SSI vs. SSDI: Differences, Benefits, and How to Apply
Social Security Disability Insurance (SSDI) and Supplemental Security Income (SSI) are both Social Security benefits programs that are designed to provide financial assistance to disabled individuals. While both programs are under the umbrella of the Social Security Administration (SSA), there are major differences in eligibility requirements for each program. This leads to many people wondering, “Which is better SSI or SSDI?” The major differences in these disability programs will depend on which you qualify for. Some people can claim benefits under both programs.
If you are disabled and have questions about the differences between SSI and SSDI, the eligibility requirements, or how to apply for benefits, contact one of our dedicated Social Security Disability attorneys at Matt Fendon Law Group today to discuss your situation. Our team is committed to helping individuals who are living with disabilities by looking out for their interests and fighting for their rights.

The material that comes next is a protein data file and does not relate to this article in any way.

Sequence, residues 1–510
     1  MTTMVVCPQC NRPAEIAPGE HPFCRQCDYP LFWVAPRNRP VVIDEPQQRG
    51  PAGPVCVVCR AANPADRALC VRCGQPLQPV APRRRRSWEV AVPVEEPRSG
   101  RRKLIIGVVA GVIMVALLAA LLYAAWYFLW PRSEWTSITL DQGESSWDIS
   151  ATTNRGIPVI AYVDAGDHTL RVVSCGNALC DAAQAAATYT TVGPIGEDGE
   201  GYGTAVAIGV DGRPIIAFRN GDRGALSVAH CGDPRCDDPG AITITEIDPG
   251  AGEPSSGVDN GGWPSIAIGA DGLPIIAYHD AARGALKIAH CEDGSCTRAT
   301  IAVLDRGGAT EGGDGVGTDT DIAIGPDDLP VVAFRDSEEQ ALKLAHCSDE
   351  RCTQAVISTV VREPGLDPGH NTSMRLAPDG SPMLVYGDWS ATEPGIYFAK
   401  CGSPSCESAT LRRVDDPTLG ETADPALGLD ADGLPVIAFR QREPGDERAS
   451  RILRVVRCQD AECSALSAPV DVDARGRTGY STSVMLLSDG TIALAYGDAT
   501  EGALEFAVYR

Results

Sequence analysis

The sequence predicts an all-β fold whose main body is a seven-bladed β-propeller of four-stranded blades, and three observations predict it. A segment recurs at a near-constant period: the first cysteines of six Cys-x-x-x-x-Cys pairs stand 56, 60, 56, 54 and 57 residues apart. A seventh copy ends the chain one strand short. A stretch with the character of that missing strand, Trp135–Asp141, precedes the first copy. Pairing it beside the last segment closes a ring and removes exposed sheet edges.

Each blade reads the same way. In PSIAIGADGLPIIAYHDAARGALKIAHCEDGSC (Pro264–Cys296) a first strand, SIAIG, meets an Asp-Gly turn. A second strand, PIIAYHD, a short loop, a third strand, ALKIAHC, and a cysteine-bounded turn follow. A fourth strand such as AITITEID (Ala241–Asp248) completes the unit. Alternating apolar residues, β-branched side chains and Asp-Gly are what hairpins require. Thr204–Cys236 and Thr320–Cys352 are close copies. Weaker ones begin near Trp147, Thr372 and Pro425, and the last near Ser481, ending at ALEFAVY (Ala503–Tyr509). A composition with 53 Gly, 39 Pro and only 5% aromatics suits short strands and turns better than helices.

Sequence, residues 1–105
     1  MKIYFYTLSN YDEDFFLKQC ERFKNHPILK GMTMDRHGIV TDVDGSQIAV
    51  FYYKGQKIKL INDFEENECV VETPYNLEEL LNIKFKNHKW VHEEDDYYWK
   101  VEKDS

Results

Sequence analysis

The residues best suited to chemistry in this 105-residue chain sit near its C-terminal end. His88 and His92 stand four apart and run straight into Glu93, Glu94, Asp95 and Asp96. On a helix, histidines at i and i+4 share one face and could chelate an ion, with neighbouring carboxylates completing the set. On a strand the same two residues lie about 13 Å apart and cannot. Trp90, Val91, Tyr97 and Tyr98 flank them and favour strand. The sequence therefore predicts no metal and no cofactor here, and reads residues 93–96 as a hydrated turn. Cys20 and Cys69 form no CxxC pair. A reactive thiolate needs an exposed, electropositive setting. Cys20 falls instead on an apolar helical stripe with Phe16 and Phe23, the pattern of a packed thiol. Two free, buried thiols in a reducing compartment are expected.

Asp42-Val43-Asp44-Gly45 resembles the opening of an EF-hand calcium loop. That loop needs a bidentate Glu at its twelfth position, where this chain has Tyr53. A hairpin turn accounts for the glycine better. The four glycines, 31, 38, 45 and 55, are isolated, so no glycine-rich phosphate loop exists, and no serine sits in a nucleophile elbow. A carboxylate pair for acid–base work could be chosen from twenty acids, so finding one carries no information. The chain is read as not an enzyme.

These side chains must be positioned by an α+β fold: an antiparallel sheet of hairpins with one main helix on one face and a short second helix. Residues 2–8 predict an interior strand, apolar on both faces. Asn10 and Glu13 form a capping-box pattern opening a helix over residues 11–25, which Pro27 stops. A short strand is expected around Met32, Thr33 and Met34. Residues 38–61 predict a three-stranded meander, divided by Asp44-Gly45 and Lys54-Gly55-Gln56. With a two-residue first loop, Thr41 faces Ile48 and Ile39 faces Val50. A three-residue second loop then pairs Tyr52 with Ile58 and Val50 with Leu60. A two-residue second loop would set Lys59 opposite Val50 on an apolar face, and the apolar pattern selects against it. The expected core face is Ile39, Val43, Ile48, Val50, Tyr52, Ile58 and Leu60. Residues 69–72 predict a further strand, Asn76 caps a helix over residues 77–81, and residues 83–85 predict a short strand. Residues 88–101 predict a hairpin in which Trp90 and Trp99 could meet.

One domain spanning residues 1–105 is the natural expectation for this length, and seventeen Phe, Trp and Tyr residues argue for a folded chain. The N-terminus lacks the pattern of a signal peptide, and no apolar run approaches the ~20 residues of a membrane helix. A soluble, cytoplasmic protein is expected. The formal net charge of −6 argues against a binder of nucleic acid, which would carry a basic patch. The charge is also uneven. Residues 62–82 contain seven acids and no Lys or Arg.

What Is SSDI?
SSDI is a government program that offers benefits to qualifying individuals who have adequate work credits. For someone to qualify for SSDI benefits, they must be unable to earn a sufficient income as a result of a medical condition that is expected to last 12 months or longer or result in death. They must also have a qualifying employment history, during which time they paid into the Social Security system through payroll taxes, which fund the program.
The amount you earned at your previous jobs will dictate how much you are able to receive from SSDI. There’s also a five-month waiting period before you can receive your SSDI. Once you have received SSDI for two years, you will be eligible for Medicare.
What Is SSI?
SSI provides financial benefits to individuals with a limited income who are 65 or older, blind, or disabled. SSI is funded by general fund taxes as opposed to payroll taxes. Unlike SSDI, SSI benefits aren’t linked to work history. SSI benefits are based on a disabled individual’s financial need and are not dependent on the individual having paid into Social Security through payroll taxes.